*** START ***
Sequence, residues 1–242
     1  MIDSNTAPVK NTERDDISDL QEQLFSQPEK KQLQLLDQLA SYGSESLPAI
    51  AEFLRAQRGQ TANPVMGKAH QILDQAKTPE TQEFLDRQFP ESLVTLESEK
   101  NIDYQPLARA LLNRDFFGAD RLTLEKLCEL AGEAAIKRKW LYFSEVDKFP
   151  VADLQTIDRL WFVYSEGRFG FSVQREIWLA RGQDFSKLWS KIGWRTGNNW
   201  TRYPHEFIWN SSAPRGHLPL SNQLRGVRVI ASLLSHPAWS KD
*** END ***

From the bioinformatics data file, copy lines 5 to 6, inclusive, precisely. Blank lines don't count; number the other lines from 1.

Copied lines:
   151  VADLQTIDRL WFVYSEGRFG FSVQREIWLA RGQDFSKLWS KIGWRTGNNW
   201  TRYPHEFIWN SSAPRGHLPL SNQLRGVRVI ASLLSHPAWS KD